Book Review – What to Expect When No One’s Expecting by Jonathan Last

What to Expect When No One's Expecting

Rather than rehash this book, which Amazon’s synopsis can do for you, or Jonathan Last has already done in the Wall Street Journal, instead I’ll discuss some of the misconceptions that it corrected in my thinking. Before reading this, I had thought that the American demographic situation was not quite as a dire as the European or Japanese crises yet. Like most, I had assumed that immigrant fertility was making up for weak birth rates among more established populations.

He writes:

From a combined Total Fertility Rates (TFR) of 3.7 in 1960 (the end of the Baby Boom), the fertility rate in the United States dropped to 1.8 in 1980, a 50 percent decline in a single generation. Since that low point, we’ve rebounded slightly. Our TFR went as high as 2.12 in 2007 before slumping back to 2.01 in 2009. 13 But again, that rebound was largely driven by the high fertility of immigrants, whose numbers surged from the 1980s through the early part of the 2000s.

[Over] the last decade, 30 percent of America’s total population growth was the result of the labors of a group that makes up only 16 percent of the country.

What Last doesn’t touch in this entertaining, quick, statistics-laden book is the issue of human biological diversity in relation to intelligence and culture. Last’s tone throughout is “I’m-not-judging-I’m-just-reporting-the-facts-ma’am,” which lessens the persuasive impact while making it more accessible to a broader audience.

He does touch on the eugenics movement and the unintended consequences of the state promotion of birth control, but he doesn’t do much to explore the specific impacts of seeing the worst elements in society procreate without limit while the upper classes sterilize themselves into non-existence and send their young women into demanding careers in order to render more dollars unto the super-state:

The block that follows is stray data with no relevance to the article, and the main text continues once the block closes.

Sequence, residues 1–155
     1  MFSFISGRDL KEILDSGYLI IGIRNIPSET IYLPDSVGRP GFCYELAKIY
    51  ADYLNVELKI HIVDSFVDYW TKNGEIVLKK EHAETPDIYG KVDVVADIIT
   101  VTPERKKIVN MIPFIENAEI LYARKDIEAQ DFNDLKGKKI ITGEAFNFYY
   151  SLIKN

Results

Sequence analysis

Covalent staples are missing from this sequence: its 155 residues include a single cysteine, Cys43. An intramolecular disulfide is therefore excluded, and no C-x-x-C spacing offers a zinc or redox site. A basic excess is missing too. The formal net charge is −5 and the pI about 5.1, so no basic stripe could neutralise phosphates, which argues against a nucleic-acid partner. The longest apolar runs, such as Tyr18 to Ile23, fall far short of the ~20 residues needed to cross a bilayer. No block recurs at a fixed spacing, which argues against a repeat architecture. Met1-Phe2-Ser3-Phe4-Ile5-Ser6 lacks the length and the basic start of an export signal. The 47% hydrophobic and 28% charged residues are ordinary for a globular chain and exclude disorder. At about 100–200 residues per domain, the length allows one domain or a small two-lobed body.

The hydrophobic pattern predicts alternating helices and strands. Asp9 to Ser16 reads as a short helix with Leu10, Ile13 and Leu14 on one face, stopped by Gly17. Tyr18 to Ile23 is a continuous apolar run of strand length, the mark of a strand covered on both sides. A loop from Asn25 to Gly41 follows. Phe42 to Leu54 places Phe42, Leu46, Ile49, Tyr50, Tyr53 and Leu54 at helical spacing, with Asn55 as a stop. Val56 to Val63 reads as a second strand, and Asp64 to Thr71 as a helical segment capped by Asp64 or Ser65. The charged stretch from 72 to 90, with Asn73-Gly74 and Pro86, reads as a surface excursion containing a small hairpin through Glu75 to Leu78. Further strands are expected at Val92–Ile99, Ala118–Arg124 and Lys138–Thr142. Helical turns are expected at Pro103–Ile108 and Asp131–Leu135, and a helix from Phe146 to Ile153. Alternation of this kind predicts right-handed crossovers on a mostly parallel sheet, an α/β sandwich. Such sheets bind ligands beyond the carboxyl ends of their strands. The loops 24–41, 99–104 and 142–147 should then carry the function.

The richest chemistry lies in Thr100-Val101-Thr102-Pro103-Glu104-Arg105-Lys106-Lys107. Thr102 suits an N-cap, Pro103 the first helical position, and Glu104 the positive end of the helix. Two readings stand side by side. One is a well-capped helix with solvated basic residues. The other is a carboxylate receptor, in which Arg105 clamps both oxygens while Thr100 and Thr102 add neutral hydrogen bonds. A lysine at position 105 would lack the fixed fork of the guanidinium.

Like the G.I. Bill, the Pill is an example of unintended consequences. Margaret Sanger willed the Pill into existence so that the educated classes would not be “shouldering the burden of the unthinking fecundity of others.” Instead , it has been the educated middle class— Sanger’s people— who have used the Pill to tamp down their fertility.

The author also surveys the various pro-fertility policies that governments in Europe and Asia have attempted to use to curb infertility, and finds that all (including the particularly bombastic Russian policy) have failed in the typical Hayekian-unintended-consequences way.

He proposes rolling back the specific aspects of Civil Rights legislation that grant universities such market power (their legal monopoly on intelligence testing) to make it easier for young women to have children in their most fertile years, and rolling back Social Security, Medicare, and other Great Society programs. These recommendations are only noteworthy in that a writer for the Weekly Standard made them, but none of the policy proposals quoted could be implemented.